I seriously underestimated the importance of DNS for a long time, and it was why I used Godaddy (it was easy to set up) … but, after falsely blaming my hosting solution for a while, I realised the DNS was crap, sometimes dead … sometimes slow.

    Which is why I use DNSimple (there’s other good ones) … DNS is their specialty, it’s all they do, and they do it brillliantly. Their support is personal, quick and well informed when you screw up too.

    Your final selection of hosting platform may influence your ultimate choice in DNS providers too.

    At the risk of getting a bit technical, if you use Cloud platforms for delivery (which I do), DNS is a little more problematic … another reason I use the service I do … they provide out of the box solutions, not available with your average service.

    As always, you’ll get what you pay for :)

    Hope that assists and hasn’t made it even more confusing.

    Cheers

    #1164092
    GlassHalfFull
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    estim8, post: 189916 wrote:
    A domain name is really just a unique identifier, the internet can’t spell and it isn’t clairvoyant.

    Just as you need to tell the postmaster where you live, so they can deliver your mail. The web needs to know where your address is, so other web stuff knows where you (your domain) live and can connect.

    All the above is achieved via DNS (Domain Name Server), the DNS “broadcasts” your address to the web at large. All connections to your site (and email), come via the DNS … someone types in your site address, or email address and gets a response informing the client where to look to connect.

    The DNS carries a set of “records”, there’s a lot of different possibilities for records, the main ones are where your website lives, and where your email address is hosted. (they can be completely separate). Stuff like verifying your site with Google may be set up there too.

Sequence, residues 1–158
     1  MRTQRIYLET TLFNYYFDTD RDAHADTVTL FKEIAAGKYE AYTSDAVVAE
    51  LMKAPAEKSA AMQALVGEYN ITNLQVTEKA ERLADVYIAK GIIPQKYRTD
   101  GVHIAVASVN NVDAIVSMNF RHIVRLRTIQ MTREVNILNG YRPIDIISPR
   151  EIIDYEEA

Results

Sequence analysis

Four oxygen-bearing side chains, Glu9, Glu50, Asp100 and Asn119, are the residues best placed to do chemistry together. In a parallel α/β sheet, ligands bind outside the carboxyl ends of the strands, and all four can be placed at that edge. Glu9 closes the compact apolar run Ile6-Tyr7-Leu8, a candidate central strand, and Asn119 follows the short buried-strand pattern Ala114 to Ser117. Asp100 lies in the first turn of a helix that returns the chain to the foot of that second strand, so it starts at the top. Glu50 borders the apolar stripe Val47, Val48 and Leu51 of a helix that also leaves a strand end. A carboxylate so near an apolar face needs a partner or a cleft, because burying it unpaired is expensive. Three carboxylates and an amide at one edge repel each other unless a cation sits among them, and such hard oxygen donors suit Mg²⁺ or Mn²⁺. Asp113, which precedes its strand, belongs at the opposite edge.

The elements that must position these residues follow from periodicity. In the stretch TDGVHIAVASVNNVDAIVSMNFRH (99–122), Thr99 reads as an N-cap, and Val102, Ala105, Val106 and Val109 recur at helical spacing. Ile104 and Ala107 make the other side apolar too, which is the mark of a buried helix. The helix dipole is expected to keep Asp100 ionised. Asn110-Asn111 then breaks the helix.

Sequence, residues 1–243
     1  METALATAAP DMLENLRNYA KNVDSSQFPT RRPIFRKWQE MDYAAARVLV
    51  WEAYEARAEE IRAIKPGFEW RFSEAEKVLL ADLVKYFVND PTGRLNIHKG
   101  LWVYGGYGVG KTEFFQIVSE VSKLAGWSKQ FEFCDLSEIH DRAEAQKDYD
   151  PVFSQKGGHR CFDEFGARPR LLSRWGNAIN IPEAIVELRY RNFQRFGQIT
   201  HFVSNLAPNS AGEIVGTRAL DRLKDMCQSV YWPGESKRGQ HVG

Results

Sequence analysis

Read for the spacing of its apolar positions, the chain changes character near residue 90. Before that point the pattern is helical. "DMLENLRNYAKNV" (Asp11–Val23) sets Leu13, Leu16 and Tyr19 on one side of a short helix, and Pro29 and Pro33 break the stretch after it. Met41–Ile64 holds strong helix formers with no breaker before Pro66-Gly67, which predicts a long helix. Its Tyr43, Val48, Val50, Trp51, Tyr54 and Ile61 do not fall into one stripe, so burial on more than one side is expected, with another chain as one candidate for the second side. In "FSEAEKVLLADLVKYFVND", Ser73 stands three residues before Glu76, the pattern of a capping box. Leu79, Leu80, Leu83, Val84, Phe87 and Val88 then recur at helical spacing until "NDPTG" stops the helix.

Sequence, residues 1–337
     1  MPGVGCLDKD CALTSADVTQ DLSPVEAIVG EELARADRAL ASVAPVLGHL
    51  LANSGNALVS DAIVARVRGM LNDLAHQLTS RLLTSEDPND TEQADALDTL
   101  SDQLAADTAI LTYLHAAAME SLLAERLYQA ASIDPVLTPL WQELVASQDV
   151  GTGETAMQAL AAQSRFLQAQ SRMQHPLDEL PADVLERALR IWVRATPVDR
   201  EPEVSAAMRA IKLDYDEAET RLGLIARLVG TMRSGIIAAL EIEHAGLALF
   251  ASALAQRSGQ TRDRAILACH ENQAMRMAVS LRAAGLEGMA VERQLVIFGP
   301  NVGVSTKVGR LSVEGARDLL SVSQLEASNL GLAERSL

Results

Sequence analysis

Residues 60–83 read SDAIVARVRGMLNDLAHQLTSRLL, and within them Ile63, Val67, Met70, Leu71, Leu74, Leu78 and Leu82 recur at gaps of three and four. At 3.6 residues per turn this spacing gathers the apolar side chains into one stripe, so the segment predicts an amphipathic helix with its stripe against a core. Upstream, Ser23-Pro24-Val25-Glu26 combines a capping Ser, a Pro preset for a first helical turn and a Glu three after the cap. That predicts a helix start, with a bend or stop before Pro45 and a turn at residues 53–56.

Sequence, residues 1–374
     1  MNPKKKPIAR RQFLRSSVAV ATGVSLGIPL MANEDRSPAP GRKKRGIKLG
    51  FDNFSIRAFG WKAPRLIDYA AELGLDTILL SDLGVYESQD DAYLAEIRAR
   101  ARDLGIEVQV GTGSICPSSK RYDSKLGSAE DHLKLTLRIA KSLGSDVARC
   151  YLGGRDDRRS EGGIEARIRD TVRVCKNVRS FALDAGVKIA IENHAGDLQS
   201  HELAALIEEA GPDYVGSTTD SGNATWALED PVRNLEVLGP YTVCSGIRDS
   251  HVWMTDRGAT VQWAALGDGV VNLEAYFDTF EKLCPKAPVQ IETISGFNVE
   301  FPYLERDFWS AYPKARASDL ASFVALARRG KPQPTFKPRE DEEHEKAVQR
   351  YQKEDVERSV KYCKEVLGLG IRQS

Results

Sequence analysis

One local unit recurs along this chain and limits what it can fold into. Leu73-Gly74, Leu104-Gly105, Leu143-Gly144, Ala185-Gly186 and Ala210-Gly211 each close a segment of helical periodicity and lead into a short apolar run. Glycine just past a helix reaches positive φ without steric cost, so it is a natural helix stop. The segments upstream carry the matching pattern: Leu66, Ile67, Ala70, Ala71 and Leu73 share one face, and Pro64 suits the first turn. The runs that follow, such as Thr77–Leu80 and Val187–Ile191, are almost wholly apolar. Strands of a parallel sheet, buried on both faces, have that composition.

Some domain sellers (Godaddy is one), offer free (fully automated) DNS hosting as part of a domain purchase. Others don’t, so it means you still need to find same to get a domain working, then manipulate the records on that DNS so you’re good to go.

    Not rocket science, but very confusing until you’ve actually done it a few times (or get someone that knows how).

    I seriously underestimated the importance of DNS for a long time, and it was why I used Godaddy (it was easy to set up) … but, after falsely blaming my hosting solution for a while, I realised the DNS was crap, sometimes dead … sometimes slow.

    Which is why I use DNSimple (there’s other good ones) … DNS is their specialty, it’s all they do, and they do it brillliantly. Their support is personal, quick and well informed when you screw up too.

    Your final selection of hosting platform may influence your ultimate choice in DNS providers too.

    At the risk of getting a bit technical, if you use Cloud platforms for delivery (which I do), DNS is a little more problematic … another reason I use the service I do … they provide out of the box solutions, not available with your average service.

    As always, you’ll get what you pay for :)

    Hope that assists and hasn’t made it even more confusing.

    Cheers

    Thankyou! Sounds quite straightforward the way that you’ve explained it :)
    Am I to understand that if I’m just “parking” the domain and not really using it, that I don’t need DNS? Or should I have it anyway?

    #1164093
    Greg_M
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    GlassHalfFull, post: 189956 wrote:
    Thankyou! Sounds quite straightforward the way that you’ve explained it :)
    Am I to understand that if I’m just “parking” the domain and not really using it, that I don’t need DNS? Or should I have it anyway?

    Strictly speaking, you don’t need DNS to just hold a domain.

    The reason I suggested Godaddy, is that I have experience with their interface, and know that most hosting solutions will have either very good tutorials, or “out of the box” solutions to move domains from there when/if you want to.

    You get the added bonus of already having your domain configured and running on their DNS (for free). If you wanted to test run, or get a basic site/email going, it’d be adequate for many situations. I just found it short of the mark for what I’m doing.

    Someone else may have a service that’s similar, and easy to use (I’m just not familiar with one).

    Good luck with it.